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Mars's Water Could Be Below Surface, Experts Say

Brian Handwerk
for National Geographic News
January 25, 2007
 
Mars may hold large underground reservoirs of the water and carbon dioxide that once formed the planet's ancient atmosphere, new research suggests.

Stas Barabash and colleagues at the Swedish Institute of Space Physics have studied the Martian atmosphere with data from the European Space Agency's Mars Express orbiter.

The team determined that, of the water and carbon dioxide that once existed on the planet, only a small amount was likely lost to the effects of solar wind over the past 3.5 billion years.

Solar wind is the flow of charged particles that flows briskly from the sun (see a virtual solar system).

Writing tomorrow's issue of the journal Science, Barabash's team suggests that water and carbon dioxide reservoirs may therefore still exist on or below the Martian surface.

Further research into the planet's subsurface and atmosphere could reveal critical information about Mars's climate, they add.

"Knowing [more about the ancient Martian climate], we could speculate whether or not conditions were suitable for any complex structures [like organic materials] to develop.

"The question is thus directly related to the question of Mars's habitability.

"The origin of life, in my opinion, is the most important question the modern science is facing," Barabash said.

Mystery of Missing Water

Ancient Mars was much warmer, and wetter, place than it is today. Geological features indicate that large amounts of liquid water once existed on Mars, yet no one knows what became of them.

(Read related story: "Mars Scientists Intensify Search for Water" [December 15, 2006].)

Three main theories attempt to explain the puzzle.

Some suggest that water and carbon dioxide still exist on Mars in large reservoirs that are as yet unfound—probably below the planet's surface.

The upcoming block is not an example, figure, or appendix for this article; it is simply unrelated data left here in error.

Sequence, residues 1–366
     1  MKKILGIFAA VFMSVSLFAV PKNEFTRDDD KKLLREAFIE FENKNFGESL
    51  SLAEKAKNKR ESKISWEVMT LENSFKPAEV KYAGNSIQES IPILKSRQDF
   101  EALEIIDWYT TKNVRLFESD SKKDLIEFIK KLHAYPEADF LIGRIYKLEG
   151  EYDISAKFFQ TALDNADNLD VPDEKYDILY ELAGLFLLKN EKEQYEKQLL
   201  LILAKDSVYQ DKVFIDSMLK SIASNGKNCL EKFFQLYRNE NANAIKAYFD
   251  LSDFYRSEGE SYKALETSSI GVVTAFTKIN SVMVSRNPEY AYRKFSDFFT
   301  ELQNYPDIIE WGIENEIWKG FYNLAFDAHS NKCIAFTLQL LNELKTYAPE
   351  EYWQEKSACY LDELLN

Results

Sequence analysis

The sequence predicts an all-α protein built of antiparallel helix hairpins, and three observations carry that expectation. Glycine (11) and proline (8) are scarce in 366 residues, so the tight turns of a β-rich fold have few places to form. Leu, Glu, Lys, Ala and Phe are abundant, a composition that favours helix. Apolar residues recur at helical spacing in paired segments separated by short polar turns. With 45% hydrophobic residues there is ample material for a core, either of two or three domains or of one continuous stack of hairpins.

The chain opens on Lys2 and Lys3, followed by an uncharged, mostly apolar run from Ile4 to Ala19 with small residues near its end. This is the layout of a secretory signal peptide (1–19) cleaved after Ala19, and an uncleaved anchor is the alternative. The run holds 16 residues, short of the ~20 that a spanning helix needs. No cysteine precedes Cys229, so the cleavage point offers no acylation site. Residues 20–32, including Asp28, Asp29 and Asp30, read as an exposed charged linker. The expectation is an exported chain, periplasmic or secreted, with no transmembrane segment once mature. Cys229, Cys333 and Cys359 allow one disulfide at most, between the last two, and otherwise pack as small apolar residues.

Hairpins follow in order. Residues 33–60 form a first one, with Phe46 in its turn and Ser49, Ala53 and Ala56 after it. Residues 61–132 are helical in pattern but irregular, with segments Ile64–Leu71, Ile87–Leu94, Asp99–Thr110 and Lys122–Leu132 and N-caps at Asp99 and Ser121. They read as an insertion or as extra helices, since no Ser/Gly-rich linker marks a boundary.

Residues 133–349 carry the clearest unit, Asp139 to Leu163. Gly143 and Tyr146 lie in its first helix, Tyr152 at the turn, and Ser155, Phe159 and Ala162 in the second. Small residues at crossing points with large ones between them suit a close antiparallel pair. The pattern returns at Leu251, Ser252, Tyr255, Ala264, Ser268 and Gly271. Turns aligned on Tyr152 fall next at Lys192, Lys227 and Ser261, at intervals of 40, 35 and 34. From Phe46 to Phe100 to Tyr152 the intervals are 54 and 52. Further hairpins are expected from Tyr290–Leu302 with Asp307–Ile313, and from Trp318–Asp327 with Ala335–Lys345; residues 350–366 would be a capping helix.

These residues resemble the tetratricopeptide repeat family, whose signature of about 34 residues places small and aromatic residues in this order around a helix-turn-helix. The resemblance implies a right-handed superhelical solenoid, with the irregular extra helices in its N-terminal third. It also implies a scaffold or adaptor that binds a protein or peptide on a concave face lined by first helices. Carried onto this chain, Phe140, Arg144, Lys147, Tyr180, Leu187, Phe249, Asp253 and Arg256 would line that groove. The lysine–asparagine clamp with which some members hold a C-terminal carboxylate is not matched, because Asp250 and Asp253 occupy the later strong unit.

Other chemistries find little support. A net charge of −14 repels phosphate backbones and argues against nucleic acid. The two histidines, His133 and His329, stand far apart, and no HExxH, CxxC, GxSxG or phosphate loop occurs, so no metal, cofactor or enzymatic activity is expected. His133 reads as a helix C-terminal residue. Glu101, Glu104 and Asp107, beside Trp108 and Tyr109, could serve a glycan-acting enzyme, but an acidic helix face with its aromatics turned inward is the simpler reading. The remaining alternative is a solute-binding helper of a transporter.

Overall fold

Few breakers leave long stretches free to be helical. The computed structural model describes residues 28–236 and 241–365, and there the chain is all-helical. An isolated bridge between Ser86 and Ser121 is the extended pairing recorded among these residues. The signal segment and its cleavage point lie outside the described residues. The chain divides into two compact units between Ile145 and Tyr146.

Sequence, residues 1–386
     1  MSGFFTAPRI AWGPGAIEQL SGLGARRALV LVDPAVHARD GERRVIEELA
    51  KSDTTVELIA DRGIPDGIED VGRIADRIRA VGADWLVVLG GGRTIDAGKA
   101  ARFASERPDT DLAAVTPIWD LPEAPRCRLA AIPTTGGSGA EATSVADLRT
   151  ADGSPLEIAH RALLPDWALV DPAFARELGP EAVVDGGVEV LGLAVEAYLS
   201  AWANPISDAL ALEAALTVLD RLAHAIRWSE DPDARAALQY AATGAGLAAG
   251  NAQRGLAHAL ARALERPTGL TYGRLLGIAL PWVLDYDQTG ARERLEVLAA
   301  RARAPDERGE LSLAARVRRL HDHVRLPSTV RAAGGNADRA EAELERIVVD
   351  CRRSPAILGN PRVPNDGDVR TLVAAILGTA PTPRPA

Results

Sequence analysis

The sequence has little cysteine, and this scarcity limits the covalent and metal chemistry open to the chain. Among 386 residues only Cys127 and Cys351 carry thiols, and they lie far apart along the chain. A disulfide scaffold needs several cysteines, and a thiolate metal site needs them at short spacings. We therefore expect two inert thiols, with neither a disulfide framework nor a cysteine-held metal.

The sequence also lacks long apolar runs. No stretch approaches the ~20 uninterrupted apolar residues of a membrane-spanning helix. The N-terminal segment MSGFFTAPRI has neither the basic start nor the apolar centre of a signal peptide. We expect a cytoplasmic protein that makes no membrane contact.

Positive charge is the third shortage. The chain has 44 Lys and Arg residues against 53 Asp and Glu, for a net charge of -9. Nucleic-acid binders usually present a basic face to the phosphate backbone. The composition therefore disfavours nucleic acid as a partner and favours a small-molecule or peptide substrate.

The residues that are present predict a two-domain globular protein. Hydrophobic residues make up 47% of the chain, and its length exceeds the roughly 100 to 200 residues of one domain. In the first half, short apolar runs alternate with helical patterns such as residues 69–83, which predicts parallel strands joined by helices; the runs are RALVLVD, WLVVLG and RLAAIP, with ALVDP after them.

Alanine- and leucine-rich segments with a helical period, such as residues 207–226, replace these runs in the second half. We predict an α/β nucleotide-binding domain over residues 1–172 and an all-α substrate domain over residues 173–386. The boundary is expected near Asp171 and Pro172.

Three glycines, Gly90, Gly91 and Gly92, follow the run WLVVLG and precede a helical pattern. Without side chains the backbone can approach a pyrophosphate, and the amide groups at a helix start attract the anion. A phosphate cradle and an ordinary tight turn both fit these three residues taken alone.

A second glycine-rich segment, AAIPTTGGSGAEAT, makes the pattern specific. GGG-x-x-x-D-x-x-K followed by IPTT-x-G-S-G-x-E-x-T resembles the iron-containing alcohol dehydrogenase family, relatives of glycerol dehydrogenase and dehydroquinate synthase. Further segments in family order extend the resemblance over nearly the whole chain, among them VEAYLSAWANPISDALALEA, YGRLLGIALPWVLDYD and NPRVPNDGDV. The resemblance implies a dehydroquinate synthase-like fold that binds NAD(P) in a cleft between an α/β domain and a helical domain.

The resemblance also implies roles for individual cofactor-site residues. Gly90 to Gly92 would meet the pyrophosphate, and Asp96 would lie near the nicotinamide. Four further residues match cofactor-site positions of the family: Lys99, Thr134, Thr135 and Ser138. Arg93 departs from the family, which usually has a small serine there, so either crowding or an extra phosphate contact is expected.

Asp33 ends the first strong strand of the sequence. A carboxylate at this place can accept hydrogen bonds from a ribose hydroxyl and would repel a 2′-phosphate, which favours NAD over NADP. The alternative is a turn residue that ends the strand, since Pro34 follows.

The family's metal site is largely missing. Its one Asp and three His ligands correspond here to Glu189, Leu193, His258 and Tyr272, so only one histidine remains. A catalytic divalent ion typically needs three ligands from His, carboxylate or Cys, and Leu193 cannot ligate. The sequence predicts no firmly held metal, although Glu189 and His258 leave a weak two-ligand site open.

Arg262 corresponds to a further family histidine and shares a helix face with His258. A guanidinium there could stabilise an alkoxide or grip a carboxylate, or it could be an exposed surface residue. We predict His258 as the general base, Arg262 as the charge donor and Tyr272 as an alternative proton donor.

Other theories propose that some type of catastrophic cosmic impact removed much of the Martian atmosphere in a single event.

A third suggestion: Solar wind removed Martian water and carbon dioxide.

"I'm a plasma physicist so I really like the last one," said Barabash, a professor of experimental space physics.

"But our last study shows that escape [of water and carbon dioxide] from this channel is not as intense as we thought before, and that's a very big puzzle."

Some scientists caution that much more data is needed to make sense of the findings from Barabash's team.

"Recent measurements both from Mars Express and from Mars Global Surveyor suggest that we have not yet even described all of the loss processes at the present epoch," said Bruce Jakosky, from the Laboratory for Atmospheric and Space Physics at the University of Colorado.

"This means that we cannot yet determine the total loss rate today, let alone be able to extrapolate to earlier epochs."

Barabash also cautions that the solar wind may function in ways that scientists can't yet measure.

"It's possible that solar wind is far more complex than we think," he said. "So we have to explore other escape channels which are also associated with the solar wind."

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